This thermometer is an easy-to-build thermometer that relies on IR blackbody radiation to determine your temperature
Step 1: Determine Specifications, Requirements and Overall Goals
The goal of this circuit design is to create a device capable of measuring a person's body temperature based off of infrared readings of their blackbody radiation. This device will be sufficient to act as mobile device, making it wearable by the user. This requires that all circuit components and any software components be on-board.
- lightweight, small, and mobile
- capable of measuring IR at tympanic (body) temperatures
- capable of filtering extraneous noice
- able to amplify signal to produce sufficient signal to noise ratio
- measure in the range 95 to 103 degress F effectively and accurately
- Low pass filter with a cutoff frequency around 25Hz (this will help eliminate non-body signals)
- 17 bit ADC (measurement reolution of 0.02 degrees C over the -40 to 125 degrees C range)
- Optical filter (5.5 to 14 micrometer bandpass)
These goals show us exactly what we want to get out of our final product. The requirements hone in on exactly how we will accomplish that. The specifications provide the details necessary to build the device.
Step 2: Acquire Necessary Parts
To make this IR thermometer, there are a couple parts you will need:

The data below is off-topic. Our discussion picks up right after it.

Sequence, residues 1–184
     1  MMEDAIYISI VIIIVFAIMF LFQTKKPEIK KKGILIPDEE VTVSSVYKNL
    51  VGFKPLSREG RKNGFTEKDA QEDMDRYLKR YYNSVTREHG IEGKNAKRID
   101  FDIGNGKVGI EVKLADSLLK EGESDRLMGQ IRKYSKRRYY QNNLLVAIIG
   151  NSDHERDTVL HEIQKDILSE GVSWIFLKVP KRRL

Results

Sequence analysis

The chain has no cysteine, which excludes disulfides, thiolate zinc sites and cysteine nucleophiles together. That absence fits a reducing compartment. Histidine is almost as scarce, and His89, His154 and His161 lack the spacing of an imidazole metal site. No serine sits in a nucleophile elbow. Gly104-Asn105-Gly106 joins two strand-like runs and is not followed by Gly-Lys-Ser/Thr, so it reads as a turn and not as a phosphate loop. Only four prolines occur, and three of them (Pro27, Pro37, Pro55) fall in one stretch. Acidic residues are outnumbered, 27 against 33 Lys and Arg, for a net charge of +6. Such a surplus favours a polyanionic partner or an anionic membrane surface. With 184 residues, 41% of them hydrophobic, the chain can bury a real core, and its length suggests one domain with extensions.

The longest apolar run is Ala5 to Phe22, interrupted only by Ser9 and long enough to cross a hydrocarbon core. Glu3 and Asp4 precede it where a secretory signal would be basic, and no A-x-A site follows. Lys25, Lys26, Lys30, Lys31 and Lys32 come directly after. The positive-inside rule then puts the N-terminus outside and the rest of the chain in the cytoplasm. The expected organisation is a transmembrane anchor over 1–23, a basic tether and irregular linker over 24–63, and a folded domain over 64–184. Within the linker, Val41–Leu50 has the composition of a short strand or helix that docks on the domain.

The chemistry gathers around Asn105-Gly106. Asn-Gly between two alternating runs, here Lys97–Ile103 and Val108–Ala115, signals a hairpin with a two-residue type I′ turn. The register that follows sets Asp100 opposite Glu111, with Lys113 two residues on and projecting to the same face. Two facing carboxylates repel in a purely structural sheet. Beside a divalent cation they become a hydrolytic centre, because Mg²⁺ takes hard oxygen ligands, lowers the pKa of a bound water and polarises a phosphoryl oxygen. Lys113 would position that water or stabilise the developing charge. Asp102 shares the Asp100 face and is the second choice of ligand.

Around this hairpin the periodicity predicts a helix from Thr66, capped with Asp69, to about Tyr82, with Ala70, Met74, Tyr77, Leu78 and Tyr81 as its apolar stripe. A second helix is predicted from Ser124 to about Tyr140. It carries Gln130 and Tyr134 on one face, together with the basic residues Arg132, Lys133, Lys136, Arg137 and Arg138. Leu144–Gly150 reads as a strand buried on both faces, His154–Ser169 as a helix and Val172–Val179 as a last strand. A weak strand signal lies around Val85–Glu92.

- Arduino Uno, Arduino IDE (available online for free) and respective cords
- SparkFun MicroSD Shield for Arduino Uno
- LinkSprite LCD Shield for Arduino Uno
- Small 2in x 2in printed circuit board
- Melexis MLX90614 Infrared Thermometer
- 100 microFarad Capacitor
- 2 x 4700 microFarad Resistors
- Solder & soldering iron
- Plenty of wire that can be stripped, soldered, and cut (relative flexibility of the wire is useful)
- Cheap over-ear headphones that have earpieces that can easily be hollowed out
- 9V battery & connector to Arduino Uno
- microSD card (and SD card adapter if your computer cannot directly interface with the microSD)
Parts are pictured.
Step 3: Design Circuit Capable of Acquiring Data
Before anything can be done with the Arduino, you need to design a circuit that will acquire the data for you. Of course, the MLX90614 will do most of the heavy lifting for the hardware of this project, but there are other parts necessary.
Our system of data acquisition relies on using I2C communication, so we have designed our circuit as such. I2C is a method of communication that allows us to dictate how exactly we acquire our data. I2C uses a master/slave companionship which we determined to be incredibly efficient with communication.I2C is a digital form of communication. Luckily, the MLX90614 has an on-board ADC that we can use to digitize our data.
The circuit necessary for data acquisition uses a printed circuit board, two 4700 ohm resistors, a 100 microFarad capacitor, the MLX90614, and some wire.
The MLX90614 serves as the signal transducer. It measures the IR radiation. the MLX90614 also has many on-board filters as well as an ADC. This allows the signal coming out of the MLX90614 to be appropriate for I2C communication. The resistors in this circuit help to scale the information given to the Arduino appropriately. In other words, they allow some flexibility for calibration. The capacitor serves as the final filter in this circuit. It eliminates unwanted IR noise from the signal.
With this understanding, you can see why the circuit pictured was used. Solder this circuit to a printed circuit board. Whatever arrangement you find best should work so long as it is clean and has wires soldered to it that can interact with the Arduino later.